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2008 2nd Quarter
May 02, 2008
To all our Centre friends and colleagues,
Welcome to the third volume of our E-News Letter "Community Basis". We have been greeting the long awaited Spring weather with a number of exciting new projects, community engagements, educational events, and a busy social calendar. In addition to letting you know what we have been up to, we feature an article on Enhanching the Meaningful Participation of Consumers on Mental Health Agency Boards and an interview with Brian Barlett on his experiences as a community researcher at the Centre working a baseline drug user survey in Waterloo Region. Please also have a look at our featured project section, which showcases the Somali Muslim Hate Crime Summit project.
On April 18th, community-based researchers, community members, academics, and government representatives attended the official launch of The University Community Partnership for Social Action Research (UCP-SARnet) at the Centre for International Governance Innovation in Waterloo. CCBR is a partner in this exciting new initiative, which uses web-based networking to link students, faculty and community practitioners locally and globally to develop, conduct, share, and mobilize research knowledge on important social issues. Its global membership continues to grow.
The morning panel session examined the local landscape of community based research and partnerships. This was in part based on a local scan (led by CCBR) of social research that was collaborative, action-oriented, and embedded in community settings. The afternoon panel focused on existing and potential global linkages for community based research. The overall theme of fostering and growing local-global connections was front and centre throughout the day.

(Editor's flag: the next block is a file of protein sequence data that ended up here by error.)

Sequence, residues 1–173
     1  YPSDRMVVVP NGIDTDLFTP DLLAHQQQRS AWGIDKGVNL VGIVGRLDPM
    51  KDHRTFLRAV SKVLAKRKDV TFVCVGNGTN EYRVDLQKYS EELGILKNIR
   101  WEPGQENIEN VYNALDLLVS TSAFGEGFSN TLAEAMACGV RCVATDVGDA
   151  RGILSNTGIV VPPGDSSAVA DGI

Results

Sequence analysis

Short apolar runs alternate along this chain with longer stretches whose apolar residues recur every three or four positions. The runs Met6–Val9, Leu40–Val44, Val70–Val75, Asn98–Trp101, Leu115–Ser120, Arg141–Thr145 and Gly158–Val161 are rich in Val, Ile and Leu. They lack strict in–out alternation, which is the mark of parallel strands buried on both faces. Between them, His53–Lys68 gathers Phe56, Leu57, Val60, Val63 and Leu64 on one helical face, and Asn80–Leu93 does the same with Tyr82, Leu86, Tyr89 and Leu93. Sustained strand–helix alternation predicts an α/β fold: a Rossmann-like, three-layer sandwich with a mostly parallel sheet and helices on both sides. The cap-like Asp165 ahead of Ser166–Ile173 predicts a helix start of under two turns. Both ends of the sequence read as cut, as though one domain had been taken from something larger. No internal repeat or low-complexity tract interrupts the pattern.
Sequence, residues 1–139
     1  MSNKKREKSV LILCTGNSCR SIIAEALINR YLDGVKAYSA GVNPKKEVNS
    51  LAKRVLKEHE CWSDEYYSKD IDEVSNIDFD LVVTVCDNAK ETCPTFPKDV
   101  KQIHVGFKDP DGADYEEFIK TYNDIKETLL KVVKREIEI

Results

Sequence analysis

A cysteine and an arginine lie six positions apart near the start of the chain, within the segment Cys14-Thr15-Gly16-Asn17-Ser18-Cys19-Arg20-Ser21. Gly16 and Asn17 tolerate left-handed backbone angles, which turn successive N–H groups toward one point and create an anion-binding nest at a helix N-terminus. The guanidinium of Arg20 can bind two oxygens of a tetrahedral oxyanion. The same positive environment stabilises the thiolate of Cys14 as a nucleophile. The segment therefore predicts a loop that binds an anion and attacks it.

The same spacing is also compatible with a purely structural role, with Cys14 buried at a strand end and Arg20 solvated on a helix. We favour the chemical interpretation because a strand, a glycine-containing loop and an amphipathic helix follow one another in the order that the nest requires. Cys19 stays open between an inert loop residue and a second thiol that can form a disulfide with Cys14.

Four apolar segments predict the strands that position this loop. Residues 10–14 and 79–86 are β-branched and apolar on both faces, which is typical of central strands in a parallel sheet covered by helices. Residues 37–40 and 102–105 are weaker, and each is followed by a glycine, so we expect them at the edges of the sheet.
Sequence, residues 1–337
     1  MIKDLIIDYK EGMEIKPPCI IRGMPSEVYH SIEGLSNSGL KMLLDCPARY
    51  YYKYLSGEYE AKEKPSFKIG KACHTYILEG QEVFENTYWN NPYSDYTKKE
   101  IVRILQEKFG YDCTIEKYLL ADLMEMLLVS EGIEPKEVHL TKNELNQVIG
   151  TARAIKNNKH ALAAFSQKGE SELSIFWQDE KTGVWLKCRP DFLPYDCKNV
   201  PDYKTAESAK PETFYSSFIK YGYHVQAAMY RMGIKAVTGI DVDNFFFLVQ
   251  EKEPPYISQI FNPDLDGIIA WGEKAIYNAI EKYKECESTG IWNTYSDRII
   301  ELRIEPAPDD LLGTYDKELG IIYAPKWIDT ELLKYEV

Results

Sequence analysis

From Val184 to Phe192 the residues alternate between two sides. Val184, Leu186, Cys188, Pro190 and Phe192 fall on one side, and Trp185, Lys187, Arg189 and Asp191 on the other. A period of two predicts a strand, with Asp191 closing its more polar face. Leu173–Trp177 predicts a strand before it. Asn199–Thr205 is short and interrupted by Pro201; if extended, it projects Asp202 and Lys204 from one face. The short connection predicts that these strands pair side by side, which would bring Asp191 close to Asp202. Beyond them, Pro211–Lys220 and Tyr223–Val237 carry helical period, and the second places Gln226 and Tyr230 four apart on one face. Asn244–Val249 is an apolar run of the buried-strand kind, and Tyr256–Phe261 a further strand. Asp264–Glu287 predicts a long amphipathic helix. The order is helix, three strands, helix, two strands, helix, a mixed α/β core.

For more information on the launch and UCP-SARnet in general we encourage you to visit the project website at http://www.igloo.org/ucpsarnet. Their upcoming newsletters will also contain details of the launch proceedings.
As we continue to pursue research in our diverse theme areas, CCBR has begun a number of new projects in the past few months. These projects include system level research examining interprofessional care in stroke and neurotrauma, evaluation of respite support for families with family members who have intellectual disabilities, research on health promotion and HIV prevention in three African countries, and a local needs assessment of homelessness and housing needs. Project descriptions are listed below:
It is part of our mandate at CCBR to not only conduct social research that is useful and actionable for community members and organizations, but to engage in knowledge dissemination and exchange. One of the many forums of doing this are academic and professional conferences. In the next few months, CCBR researchers will be representing our work at a number of different venues, nationally and internationally. Several of these are listed below: